Corporations Hiring GCs out of Law School Instead of from BigLaw - Greedy Associates
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Corporations Hiring GCs out of Law School Instead of from BigLaw

Ask any ambitious 3L this question: what is your dream job fresh out of law school? "General counsel" is likely not something you'd hear, partially because most law students recognize that it used to be near-impossible to land an in-house position without years of experience.

And, some law students are still dreaming of earning $160k their first year at a big law firm.

But, for those looking for a job in the corporate world that pays a bit less, look no further. It seems that some companies are breaking out of the traditional mold of only hiring law firm-trained general counsels.

Some companies will actually be recruiting fresh grads.

No, the companies that are going down this path aren't no-name companies that will be paying these new recruits peanuts.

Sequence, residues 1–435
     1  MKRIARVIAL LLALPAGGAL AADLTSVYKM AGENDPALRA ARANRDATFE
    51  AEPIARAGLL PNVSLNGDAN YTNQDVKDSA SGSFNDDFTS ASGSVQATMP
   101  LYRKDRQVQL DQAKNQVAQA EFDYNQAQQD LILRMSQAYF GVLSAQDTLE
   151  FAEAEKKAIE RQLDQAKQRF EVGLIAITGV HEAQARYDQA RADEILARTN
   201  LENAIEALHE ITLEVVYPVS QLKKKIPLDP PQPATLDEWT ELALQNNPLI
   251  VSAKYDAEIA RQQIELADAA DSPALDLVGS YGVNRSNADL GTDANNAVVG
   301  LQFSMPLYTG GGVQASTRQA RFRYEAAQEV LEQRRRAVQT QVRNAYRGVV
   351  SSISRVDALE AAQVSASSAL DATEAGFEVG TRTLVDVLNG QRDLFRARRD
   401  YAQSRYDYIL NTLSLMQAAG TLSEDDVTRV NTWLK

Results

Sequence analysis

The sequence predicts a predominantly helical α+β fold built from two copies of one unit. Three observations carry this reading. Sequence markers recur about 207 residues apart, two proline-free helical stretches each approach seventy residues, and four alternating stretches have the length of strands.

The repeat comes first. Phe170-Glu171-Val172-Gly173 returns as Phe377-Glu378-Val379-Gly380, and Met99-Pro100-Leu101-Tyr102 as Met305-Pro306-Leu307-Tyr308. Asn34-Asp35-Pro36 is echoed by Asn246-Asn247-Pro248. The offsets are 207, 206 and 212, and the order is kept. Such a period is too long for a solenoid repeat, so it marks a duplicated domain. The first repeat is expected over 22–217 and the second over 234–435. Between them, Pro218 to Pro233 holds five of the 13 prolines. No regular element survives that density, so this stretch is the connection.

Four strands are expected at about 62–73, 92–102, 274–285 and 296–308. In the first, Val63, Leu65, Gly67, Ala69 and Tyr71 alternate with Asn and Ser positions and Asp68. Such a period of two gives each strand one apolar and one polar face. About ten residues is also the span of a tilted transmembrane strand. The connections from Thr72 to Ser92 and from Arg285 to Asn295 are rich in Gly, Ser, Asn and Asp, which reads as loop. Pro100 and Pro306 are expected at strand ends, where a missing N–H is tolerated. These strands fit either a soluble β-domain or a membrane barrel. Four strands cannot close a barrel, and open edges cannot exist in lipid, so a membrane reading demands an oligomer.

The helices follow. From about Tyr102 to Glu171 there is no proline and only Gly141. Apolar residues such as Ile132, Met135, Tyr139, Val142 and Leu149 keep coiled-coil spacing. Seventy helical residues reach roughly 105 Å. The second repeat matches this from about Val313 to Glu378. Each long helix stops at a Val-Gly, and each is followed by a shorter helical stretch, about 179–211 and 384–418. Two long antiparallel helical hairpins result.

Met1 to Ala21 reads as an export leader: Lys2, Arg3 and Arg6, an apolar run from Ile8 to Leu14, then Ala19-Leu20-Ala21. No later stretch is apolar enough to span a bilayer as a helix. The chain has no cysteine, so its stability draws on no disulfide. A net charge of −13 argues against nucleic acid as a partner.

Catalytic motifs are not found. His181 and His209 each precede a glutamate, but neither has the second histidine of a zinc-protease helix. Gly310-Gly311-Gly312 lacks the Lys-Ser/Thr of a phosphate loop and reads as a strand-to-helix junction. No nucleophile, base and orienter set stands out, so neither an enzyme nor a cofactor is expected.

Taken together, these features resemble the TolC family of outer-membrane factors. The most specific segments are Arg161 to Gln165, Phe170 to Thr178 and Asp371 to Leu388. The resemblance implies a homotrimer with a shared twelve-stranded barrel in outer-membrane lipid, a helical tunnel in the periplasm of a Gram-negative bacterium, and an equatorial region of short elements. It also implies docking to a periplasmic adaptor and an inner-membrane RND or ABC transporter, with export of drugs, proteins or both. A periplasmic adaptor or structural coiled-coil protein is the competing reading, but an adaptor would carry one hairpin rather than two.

Companies pioneering this potential shift in the legal market include Hewlett-Packard and Pfizer, two household names that could be coming to a law school near you, according to The Wall Street Journal.

Could this be something that law students should consider?

Well, why not. Sure, you may not make $160k at HP, but you could be making up to $115k in salary with a $15k signing bonus.

That can buy a lot of stuff, and pay down a big chunk of any poor law student's law school loans.

The other problem is that there may be less stability in this option than you may think. For example, Citigroup once suspended their "CitiSelect" program, which recruited summer associates and new hires.

Plus, the kind of training you'd get a company might not be the same as at a firm. General counsels are used to support a business' functions, and don't necessarily do the same thing an associate would do at a law firm.

But, this new trend to turn to law schools for general counsel-hiring may be something that sticks around. And, with the employment market as it is, it seems that law students across the nation should rejoice at any available new opportunity.

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